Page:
“But Most Nonprofits Still Don’t Get It.” A statement like that certainly entitles a fundraiser to ask, “Okay, what is it precisely I don’t understand?”
Executive directors looking to host more productive board meetings at small to mid-sized nonprofits with budgets ranging from $1-$10 million. Overall, this will focus on how software can help engage leadership in board meetings.
Successful major gifts officers don’t stop learning. There’s a simple reason: the skills you need for major gift work never stands still.
The relationship between fundraisers and potential donors is like dating. And, just like the dating world, in fundraising, there are duds, and there are keepers. Which kind of fundraiser are you?
In today’s economic environment, a legacy planned giving initiative helps you tap the hidden enormous potential of your loyal donors and transform the growth trajectory of your organization.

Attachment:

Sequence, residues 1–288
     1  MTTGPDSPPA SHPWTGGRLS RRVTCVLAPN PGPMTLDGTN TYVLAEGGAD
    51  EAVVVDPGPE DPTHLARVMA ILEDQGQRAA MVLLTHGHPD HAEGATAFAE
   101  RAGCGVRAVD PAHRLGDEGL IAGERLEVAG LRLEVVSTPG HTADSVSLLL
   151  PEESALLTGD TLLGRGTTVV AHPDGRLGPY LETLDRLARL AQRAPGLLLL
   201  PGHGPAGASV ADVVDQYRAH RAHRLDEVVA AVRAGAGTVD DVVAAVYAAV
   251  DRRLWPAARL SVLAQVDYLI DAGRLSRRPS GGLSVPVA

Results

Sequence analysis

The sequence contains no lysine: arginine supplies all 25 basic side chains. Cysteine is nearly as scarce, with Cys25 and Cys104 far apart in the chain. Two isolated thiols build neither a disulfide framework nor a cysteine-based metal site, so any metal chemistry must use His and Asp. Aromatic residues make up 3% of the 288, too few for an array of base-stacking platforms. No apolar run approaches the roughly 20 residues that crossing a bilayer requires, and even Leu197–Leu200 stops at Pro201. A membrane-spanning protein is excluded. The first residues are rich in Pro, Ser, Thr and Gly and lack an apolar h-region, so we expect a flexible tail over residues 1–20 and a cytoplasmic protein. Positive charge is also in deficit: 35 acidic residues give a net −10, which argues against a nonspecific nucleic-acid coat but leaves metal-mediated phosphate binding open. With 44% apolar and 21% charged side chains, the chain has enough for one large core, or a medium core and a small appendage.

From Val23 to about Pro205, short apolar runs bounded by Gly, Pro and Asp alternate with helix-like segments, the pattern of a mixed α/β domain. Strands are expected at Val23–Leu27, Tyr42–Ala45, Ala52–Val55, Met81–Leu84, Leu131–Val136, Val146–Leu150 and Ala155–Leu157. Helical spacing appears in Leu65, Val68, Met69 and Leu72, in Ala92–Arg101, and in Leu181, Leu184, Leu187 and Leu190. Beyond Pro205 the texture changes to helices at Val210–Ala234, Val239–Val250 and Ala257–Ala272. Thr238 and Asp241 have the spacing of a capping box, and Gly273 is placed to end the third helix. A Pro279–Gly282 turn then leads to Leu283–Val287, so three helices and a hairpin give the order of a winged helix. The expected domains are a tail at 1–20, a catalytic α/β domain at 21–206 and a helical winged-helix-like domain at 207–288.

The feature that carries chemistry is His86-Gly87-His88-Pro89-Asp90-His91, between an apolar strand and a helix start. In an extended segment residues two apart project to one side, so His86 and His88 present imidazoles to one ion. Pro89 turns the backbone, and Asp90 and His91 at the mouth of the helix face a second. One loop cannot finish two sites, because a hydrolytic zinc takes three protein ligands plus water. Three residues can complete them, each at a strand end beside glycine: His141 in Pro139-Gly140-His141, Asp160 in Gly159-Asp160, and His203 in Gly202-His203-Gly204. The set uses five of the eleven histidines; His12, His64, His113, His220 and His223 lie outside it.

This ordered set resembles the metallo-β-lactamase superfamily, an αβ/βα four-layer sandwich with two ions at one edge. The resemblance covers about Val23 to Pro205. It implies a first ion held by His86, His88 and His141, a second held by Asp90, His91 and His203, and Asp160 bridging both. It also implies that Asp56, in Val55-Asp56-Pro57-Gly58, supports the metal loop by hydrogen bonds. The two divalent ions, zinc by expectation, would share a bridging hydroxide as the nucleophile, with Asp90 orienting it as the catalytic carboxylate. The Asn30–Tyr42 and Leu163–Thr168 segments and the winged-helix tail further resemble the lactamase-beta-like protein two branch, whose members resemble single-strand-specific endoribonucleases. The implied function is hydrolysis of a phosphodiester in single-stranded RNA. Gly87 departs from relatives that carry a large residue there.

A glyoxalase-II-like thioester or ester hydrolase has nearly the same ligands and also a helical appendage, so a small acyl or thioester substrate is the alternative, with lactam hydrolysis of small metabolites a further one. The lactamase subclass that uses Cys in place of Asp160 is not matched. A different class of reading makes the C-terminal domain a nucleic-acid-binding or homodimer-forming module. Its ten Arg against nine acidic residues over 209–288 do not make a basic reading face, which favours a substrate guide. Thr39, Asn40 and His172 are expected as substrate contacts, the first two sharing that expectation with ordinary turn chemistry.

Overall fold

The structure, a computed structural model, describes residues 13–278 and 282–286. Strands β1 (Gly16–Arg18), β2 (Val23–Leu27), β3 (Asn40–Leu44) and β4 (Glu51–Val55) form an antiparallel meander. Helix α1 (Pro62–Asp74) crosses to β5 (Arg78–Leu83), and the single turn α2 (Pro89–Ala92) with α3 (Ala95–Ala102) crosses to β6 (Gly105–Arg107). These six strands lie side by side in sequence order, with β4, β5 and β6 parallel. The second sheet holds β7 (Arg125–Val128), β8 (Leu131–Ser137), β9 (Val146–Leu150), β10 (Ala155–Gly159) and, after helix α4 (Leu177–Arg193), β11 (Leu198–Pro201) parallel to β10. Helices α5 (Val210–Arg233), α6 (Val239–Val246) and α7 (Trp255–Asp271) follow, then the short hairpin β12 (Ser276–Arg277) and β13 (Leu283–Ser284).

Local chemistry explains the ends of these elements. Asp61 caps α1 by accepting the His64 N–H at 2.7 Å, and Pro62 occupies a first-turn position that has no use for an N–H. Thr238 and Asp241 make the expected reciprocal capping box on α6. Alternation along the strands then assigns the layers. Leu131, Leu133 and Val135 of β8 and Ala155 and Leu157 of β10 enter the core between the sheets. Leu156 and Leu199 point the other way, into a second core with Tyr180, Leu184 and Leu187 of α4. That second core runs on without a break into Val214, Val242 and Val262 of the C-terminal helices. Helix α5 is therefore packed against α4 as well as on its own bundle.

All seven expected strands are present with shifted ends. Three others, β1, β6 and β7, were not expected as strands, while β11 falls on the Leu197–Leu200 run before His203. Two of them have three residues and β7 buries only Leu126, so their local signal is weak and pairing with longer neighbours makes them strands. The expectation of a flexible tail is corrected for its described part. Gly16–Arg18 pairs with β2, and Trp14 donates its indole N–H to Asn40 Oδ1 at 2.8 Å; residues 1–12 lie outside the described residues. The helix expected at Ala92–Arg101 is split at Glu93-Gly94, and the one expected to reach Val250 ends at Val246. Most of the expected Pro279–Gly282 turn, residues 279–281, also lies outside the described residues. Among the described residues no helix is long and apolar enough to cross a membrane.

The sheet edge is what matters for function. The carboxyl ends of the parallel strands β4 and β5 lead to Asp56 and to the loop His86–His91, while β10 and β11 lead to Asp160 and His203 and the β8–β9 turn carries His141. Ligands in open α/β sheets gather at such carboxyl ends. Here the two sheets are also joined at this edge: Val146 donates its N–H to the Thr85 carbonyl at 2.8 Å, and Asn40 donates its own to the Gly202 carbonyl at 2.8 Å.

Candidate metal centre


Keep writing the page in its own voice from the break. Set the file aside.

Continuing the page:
This could be the moment. After years of lobbying by the nonprofit sector, with multiple bills dying in committee, we might actually get legislation this year making permanent an above-the-line charitable deduction for nonitemizers.
When you invest in nonprofit training, you want it to be a valuable experience. Here are ten things to keep in mind as you search for the best resources.
Fundraising professionals focus on income as a measure of giving ability. The worried fundraiser thinks this way. “The prospective donor won’t give, because she won’t save money by being charitable. I won’t raise enough money to make my annual goals. My charity won’t accomplish its mission, and I’ll lose my job. What am I going to do?”
There is a perception that many fundraisers are job-hoppers, never staying in one role or with one organization for long.
Nonprofit board members who serve on their investment advisory committees have a dual fiduciary role to perform: 1) They must protect the intent of the donor and the long-term viability of their organization; and 2) They have to manage endowment assets to provide a reasonable amount of income to support the causes that the funds are earmarked for.